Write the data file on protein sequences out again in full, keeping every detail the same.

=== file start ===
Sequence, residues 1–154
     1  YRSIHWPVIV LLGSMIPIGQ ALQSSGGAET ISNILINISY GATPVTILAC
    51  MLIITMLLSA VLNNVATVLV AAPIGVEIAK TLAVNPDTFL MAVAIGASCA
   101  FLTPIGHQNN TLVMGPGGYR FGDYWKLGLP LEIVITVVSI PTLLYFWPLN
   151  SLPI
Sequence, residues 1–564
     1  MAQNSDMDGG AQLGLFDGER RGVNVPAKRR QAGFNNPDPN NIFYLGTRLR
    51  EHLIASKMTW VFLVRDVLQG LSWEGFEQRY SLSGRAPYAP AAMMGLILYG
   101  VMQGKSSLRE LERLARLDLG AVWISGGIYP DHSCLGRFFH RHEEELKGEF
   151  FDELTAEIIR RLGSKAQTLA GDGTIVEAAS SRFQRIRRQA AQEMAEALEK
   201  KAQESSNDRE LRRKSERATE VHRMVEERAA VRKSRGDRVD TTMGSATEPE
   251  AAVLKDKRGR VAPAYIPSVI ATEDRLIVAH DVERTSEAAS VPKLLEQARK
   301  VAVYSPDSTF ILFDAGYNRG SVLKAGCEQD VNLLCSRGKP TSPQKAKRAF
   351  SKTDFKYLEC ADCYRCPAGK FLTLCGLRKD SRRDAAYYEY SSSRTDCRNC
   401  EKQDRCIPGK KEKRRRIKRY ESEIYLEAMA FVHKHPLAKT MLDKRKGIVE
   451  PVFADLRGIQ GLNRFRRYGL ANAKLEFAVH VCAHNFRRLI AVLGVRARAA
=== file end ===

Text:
Sequence, residues 1–154
     1  YRSIHWPVIV LLGSMIPIGQ ALQSSGGAET ISNILINISY GATPVTILAC
    51  MLIITMLLSA VLNNVATVLV AAPIGVEIAK TLAVNPDTFL MAVAIGASCA
   101  FLTPIGHQNN TLVMGPGGYR FGDYWKLGLP LEIVITVVSI PTLLYFWPLN
   151  SLPI
Sequence, residues 1–564
     1  MAQNSDMDGG AQLGLFDGER RGVNVPAKRR QAGFNNPDPN NIFYLGTRLR
    51  EHLIASKMTW VFLVRDVLQG LSWEGFEQRY SLSGRAPYAP AAMMGLILYG
   101  VMQGKSSLRE LERLARLDLG AVWISGGIYP DHSCLGRFFH RHEEELKGEF
   151  FDELTAEIIR RLGSKAQTLA GDGTIVEAAS SRFQRIRRQA AQEMAEALEK
   201  KAQESSNDRE LRRKSERATE VHRMVEERAA VRKSRGDRVD TTMGSATEPE
   251  AAVLKDKRGR VAPAYIPSVI ATEDRLIVAH DVERTSEAAS VPKLLEQARK
   301  VAVYSPDSTF ILFDAGYNRG SVLKAGCEQD VNLLCSRGKP TSPQKAKRAF
   351  SKTDFKYLEC ADCYRCPAGK FLTLCGLRKD SRRDAAYYEY SSSRTDCRNC
   401  EKQDRCIPGK KEKRRRIKRY ESEIYLEAMA FVHKHPLAKT MLDKRKGIVE
   451  PVFADLRGIQ GLNRFRRYGL ANAKLEFAVH VCAHNFRRLI AVLGVRARAA